“So why the rhino Fareed?”

It’s a question I’ve been asked at least a hundred times the past two years at meetings, speaking engagements and hotel investment conferences around the globe. Maybe you asked me. I know it’s off topic, “making you a better hospitality marketer,” but I wanted to take a few lines to tell the story here. Thanks for indulging me.


Credit must be given to my good friend and marketing consultant, Mark Gerardot of Gerardot & Company, who worked with me on the development of the John Fareed Hospitality Consulting brand. Much like the author of the infamous anecdotal saying regarding attorneys, I believe that any marketer who represents himself has a fool for a client. As such I retained Gerardot & Company to conduct the necessary due diligence to develop the firm’s brand positioning and identity.

Mark and his team identified a number of icon directions prior to landing on the rhino logo. When I asked why a rhino, Mark responded; “Rhinos live in home ranges that sometimes overlap with each other. Feeding grounds, water holes and wallows may be shared. The black rhino is usually solitary, but the white rhino [that’s you John] tends to be much more gregarious [definitely you]. They have a highly developed ‘vocabulary’ of growls, grunts, squeaks, snorts and bellows [it’s like you were separated at birth].”

Mark went on to say; “One’s first impression of a rhino can be that he is a large, intimidating and possibly ‘arrogant’ animal [perhaps it’s the snorts]. Only to learn that he is really a gentle beast which has soft feet and consumes vegetation—unless he is angered, in which case he may charge with every fiber of his being, reaching speeds faster than a zebra [you were a Marine after all].”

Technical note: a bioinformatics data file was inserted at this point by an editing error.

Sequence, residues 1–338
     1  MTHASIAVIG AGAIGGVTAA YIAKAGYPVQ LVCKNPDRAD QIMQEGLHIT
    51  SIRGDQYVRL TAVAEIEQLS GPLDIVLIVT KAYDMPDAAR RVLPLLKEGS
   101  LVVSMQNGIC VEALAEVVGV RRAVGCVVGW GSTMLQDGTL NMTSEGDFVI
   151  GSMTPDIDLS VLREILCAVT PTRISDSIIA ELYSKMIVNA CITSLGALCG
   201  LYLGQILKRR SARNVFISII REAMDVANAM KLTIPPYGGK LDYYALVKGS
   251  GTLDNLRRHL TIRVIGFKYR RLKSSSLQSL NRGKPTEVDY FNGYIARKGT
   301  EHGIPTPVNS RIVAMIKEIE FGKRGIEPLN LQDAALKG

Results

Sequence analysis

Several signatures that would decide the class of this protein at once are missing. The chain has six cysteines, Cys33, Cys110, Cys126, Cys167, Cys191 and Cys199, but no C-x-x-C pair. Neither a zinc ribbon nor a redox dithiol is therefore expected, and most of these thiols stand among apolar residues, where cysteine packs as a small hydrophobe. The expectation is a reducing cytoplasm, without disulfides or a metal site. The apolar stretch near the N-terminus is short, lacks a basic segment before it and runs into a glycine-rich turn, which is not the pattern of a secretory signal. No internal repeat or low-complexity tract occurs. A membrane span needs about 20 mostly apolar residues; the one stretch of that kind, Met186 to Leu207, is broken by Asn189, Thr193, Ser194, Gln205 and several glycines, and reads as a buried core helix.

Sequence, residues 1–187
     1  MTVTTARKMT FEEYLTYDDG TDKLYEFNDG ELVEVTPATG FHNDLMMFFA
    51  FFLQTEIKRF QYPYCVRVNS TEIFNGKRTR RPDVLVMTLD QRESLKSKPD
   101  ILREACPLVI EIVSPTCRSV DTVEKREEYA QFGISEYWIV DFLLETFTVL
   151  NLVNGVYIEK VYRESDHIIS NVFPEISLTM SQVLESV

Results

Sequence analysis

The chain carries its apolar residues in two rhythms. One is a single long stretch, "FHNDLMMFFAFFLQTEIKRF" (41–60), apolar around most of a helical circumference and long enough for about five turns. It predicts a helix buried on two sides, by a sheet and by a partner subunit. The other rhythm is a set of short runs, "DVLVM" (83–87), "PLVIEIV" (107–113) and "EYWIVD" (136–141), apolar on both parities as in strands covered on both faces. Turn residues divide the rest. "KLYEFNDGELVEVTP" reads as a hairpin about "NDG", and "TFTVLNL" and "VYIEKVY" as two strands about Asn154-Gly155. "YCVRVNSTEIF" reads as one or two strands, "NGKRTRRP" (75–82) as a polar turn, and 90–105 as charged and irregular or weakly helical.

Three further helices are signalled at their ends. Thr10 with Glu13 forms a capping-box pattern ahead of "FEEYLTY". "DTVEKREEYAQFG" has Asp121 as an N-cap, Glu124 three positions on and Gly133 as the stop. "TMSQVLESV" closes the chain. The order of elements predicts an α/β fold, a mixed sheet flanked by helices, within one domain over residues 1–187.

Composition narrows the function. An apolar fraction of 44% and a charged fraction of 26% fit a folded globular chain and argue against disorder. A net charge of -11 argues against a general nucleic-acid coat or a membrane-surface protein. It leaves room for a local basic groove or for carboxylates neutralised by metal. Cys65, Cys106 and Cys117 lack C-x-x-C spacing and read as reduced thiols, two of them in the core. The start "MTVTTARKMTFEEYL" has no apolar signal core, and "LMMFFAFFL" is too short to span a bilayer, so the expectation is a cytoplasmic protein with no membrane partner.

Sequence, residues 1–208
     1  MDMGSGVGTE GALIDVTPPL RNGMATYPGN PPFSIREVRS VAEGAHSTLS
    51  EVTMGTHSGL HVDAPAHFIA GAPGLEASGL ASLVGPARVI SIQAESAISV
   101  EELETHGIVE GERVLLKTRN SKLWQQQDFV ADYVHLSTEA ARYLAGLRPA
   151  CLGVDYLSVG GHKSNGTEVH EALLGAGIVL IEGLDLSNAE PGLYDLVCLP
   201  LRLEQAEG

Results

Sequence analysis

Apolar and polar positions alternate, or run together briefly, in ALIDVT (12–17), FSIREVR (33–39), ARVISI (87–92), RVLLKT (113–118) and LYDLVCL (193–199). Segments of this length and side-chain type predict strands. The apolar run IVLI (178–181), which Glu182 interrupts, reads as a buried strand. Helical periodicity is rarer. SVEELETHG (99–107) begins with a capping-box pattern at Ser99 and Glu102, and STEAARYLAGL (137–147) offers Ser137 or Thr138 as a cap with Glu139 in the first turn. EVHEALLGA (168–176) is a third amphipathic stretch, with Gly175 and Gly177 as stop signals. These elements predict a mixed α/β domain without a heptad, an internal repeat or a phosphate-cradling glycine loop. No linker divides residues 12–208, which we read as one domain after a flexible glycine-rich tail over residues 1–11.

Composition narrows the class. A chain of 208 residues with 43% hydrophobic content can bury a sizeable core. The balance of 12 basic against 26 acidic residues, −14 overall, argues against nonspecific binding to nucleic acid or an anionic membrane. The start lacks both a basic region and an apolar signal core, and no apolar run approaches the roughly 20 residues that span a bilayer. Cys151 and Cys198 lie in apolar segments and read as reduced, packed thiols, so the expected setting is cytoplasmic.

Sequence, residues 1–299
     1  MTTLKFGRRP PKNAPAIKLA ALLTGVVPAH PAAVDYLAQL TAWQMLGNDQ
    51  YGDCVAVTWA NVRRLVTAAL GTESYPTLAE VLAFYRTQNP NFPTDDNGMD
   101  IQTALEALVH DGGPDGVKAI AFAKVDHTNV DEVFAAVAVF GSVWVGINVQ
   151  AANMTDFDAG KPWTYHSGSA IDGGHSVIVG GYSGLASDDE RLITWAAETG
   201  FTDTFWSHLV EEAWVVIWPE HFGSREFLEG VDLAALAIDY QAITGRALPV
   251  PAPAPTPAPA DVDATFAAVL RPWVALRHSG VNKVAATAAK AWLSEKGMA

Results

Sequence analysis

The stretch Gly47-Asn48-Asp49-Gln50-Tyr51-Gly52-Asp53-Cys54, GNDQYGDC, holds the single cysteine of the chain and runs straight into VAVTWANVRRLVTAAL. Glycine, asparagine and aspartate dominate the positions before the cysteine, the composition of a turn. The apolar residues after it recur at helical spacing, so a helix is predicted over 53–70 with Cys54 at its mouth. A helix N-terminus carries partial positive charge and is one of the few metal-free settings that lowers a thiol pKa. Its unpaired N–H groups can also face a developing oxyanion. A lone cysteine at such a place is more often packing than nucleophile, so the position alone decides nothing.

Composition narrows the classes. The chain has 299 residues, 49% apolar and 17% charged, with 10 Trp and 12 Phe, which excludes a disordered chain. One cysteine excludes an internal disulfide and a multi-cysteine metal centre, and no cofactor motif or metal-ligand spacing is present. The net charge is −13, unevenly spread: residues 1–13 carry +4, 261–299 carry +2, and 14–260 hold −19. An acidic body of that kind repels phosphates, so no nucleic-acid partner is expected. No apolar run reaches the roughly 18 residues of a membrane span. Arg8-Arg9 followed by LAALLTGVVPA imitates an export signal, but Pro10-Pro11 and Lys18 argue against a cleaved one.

“Rhinos have thick skin [I’ve never seen anyone take criticism better], and have very poor eyesight [are you wearing your glasses?].”

“Finally,” Mark explained; “the white rhino has a symbiotic relationship with oxpeckers, also called tick birds [or clients]. In Swahili the tick bird is named ‘Askari wa kifaru,’ meaning ‘the rhino’s guard.’ The bird eats ticks it finds on the rhino and noisily warns of danger. Although the birds also eat dried blood from the sores on the rhino’s skin and thus obstruct healing, they are still tolerated [even blood sucking clients are tolerated—Bingo!]. Where would we be without ox peckers? Seriously though, the symbiotic relationship is mutualism, meaning they both benefit. The oxpecker cleans off bugs and ticks from the rhinoceros, that gives the oxpecker nutrients, and the rhinoceros gets clean and a clear warning when danger is near.”

I was sold, and have since fallen in love with the nobel and endangered icon. So that’s why I’m a rhino. Aren’t you glad you asked?

This entry was posted on Tuesday, June 19th, 2012 at 1:24 pm and is filed under General News . You can follow any responses to this entry through the RSS 2.0 feed. You can leave a response, or trackback from your own site.

One Response to ““So why the rhino Fareed?””

  1. Bhakti Arun says:

    A great inspirational read indeed, you are a Rhino!

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